Equipping with a Transponder: If you are not already transponder equipped, do careful research before investing. The mandate for equipping with ADS-B Out by 2020 is influencing transponder designs, as ADS-B communicates with the transponder. (At a future time we will explore the role ADS-B plays in the MOAs.)

While neither a transponder nor ADS-B Out will be required to fly in the JPARC, the transponder will certainly make you more visible to military aircraft in the MOAs.   How much so depends on where, how high and when you fly!

Final Push for the GA Survey

Summer is progressing… and we still need your help to quantify general aviation in Alaska. All Alaskan aircraft owners should have received a post card in the mail asking them to fill out the 2014 General Aviation and Part 135 Activity Survey. In a nutshell, the survey documents how much we fly, the type of flying we do and some of the equipment we use in our aircraft. It is about the only way to document the amount of GA activity in Alaska. AOPA, the Alaska Airmens Association, the Alaska Air Carriers Association and other organizations all use the data collected to help make the case for improvements to our aviation infrastructure.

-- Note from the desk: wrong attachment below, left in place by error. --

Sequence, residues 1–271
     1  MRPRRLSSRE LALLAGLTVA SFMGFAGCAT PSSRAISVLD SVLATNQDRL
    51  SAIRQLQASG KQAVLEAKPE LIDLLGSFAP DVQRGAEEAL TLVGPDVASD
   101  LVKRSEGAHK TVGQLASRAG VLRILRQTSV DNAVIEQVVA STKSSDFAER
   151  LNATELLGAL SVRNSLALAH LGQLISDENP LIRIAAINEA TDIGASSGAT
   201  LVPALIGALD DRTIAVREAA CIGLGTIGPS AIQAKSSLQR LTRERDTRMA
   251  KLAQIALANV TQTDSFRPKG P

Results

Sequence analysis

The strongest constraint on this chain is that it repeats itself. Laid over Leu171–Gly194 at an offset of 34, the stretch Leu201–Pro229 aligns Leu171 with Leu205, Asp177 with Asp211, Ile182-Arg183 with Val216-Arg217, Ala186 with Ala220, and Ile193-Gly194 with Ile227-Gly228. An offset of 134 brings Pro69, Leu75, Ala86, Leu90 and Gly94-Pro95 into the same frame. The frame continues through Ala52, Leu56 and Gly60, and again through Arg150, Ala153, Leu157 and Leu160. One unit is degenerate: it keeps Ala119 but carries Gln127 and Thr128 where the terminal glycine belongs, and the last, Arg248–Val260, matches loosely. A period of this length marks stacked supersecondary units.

34 percent filtered

Some of the main questions are:

How many hours did you fly in 2014?
What type of fuel do you use, and what is your average consumption rate?
What type of equipment do you have in your airplane?

When compiled statewide, this information helps us advocate for you.  The survey is conducted by TetraTech, and individual survey results are not sent to the FAA, only the summary totals. You may take the survey online, www.aviationsurvey.org.

If you are not among the 34% of Alaskan aircraft owners who have completed the survey, please do so today!  Thank You!

North Slope exercise planned for July 12-17, 2015

If you fly in the vicinity of Deadhorse and the Prudhoe Bay oil fields or in waters to the north, heads-up for an upcoming Search and Rescue exercise, scheduled for July 12-17. Unmanned aircraft will be operated within the Restricted Area R-2204 at Oliktok Point, and in the newly created Warning Area, W-220 which is located offshore to the north. This is part of a joint exercise involving the Coast Guard, Sandia and industry participants.